Your hacker cred is the sum of all of your own face-out cards. If you have enough hacker cred at the end of anyone’s turn, you win the game. However, the highest-value hacks are also government hacks (red, and marked with an icon): if you do too many government hacks, you get thrown into Hacker Jail and are out of the game—even if you would have had enough to win. The victory goal and number of government hacks allowed are based on the number of players.

Once somebody is in Hacker Jail, they are out of the running, and they turn all of their hacks face-out. Their hacks may now be played by any player except they do not provide protection for the jailed hacker, and they stay face-out even if executed by another player.

If you’re the last remaining hacker who hasn’t been jailed, you also win.

Super Hack Override
Playing Super Hack Override on a table isn’t required, but can make it a little easier. (Prototype shown) Photo: Jonathan H. Liu

You can play either on a table, where you put your hacks on the table when they’re face-out and then pick them up in your hand when they’re face-in, or else you can just hold everything in your hand. The one advantage to playing on a table is that it may be easier to see everyone’s “face-out” hacks when you’re not as familiar with each card.

The Verdict

Super Hack Override definitely has a fun aesthetic to it, probably best appreciated by people who grew up in the ’80s and had similar visions of The Future. The game definitely doesn’t take itself too seriously and plays with those tropes—as you play the game, you should try to imagine yourself typing furiously at a keyboard as you hack another player and then they counterhack you but then you counter-counterhack them.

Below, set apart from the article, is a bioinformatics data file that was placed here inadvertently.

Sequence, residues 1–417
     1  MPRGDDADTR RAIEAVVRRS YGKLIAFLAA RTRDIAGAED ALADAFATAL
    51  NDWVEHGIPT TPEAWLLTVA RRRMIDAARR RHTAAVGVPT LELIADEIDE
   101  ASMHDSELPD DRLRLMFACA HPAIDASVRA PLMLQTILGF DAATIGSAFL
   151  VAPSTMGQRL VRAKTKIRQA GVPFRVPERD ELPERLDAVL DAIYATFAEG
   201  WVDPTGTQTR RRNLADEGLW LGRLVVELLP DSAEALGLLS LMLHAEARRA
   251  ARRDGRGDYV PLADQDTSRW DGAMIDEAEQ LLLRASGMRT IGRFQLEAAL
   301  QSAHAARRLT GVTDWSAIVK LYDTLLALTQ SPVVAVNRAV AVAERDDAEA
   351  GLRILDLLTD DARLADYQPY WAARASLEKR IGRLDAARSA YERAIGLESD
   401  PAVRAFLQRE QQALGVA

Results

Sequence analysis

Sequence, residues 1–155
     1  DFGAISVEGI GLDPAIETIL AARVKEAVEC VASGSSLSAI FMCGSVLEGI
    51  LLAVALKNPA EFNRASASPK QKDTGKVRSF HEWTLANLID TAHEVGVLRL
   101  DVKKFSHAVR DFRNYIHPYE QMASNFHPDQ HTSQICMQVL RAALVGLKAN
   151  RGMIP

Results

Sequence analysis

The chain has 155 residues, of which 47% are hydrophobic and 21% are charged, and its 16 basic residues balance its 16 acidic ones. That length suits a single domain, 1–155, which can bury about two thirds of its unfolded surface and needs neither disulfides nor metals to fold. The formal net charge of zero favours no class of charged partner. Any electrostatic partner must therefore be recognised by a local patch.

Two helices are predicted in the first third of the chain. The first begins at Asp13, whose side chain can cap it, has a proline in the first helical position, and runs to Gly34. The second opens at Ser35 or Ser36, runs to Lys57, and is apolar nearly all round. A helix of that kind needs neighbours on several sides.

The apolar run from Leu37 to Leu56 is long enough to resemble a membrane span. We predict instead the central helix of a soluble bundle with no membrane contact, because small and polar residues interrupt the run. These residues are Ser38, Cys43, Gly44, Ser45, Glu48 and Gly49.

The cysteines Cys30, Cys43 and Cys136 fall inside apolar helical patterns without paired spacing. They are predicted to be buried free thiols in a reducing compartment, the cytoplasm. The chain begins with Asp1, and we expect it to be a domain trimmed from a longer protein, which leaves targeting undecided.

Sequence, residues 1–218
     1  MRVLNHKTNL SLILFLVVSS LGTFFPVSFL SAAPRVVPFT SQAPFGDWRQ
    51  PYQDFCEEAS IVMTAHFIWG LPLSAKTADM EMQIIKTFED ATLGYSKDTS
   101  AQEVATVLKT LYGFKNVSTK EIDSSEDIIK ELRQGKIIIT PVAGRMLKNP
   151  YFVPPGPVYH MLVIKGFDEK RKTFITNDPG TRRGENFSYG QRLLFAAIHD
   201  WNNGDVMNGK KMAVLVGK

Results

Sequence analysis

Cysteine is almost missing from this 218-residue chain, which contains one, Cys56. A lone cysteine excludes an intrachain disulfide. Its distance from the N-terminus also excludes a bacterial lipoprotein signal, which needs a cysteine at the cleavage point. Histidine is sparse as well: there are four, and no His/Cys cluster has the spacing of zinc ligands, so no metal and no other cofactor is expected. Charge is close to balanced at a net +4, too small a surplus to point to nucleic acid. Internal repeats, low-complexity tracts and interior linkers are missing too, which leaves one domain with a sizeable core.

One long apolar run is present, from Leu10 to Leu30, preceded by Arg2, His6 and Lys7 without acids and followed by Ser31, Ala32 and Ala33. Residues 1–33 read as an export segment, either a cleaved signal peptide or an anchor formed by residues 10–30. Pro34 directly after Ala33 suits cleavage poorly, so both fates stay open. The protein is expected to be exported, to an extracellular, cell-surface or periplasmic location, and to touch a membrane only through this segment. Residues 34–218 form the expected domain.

The most difficult thing about playing Super Hack Override, though, is getting familiar with the cards. Until you know all of the cards in the game, you’re going to spend a lot of time referring to the rulesheet or cheat sheet, particularly because it’s not easy to read somebody else’s face-out card from across the table (or particularly if it’s still in their hand with other cards). So the first few times you play, it will feel more like you’re trying to hack by pecking out letters one by one on the keyboard: Hack that mainframe! Maybe you’ll be done by next week’s episode? That’s probably the primary downside I’ve experienced: I haven’t gotten to play enough with the same players that everyone feels familiar with all the cards. It does seem to me like it could be the sort of thing you’d break out when you’re standing in line at a convention and play a few rounds, but so far none of my gaming group is at that level of expertise yet and I don’t know if they have enough incentive to work toward it.

I think one of the primary decisions you have to make each turn is whether to play one of your own hacks (thus increasing your hacker cred) or playing somebody else’s face-out hack (thus decreasing their cred). Each hack has its own ability, of course, but you have to decide whether you’re playing offense or defense. Both are viable strategies, particularly since you can also win by getting all of your opponents thrown into Hacker Jail. Sometimes a well-timed Proxy Swap can put a government hack into somebody’s hand, tipping them over the threshold and getting them arrested. I like the mix of abilities on the cards.

I’ll admit that Super Hack Override isn’t one of my favorites, but with repeated plays it has grown on me a little more. At only $10, it’s worth a try if you like the theme and the look of it, and you can always try it out with the print and play before you decide for sure. For more information, visit the Super Hack Override Kickstarter page.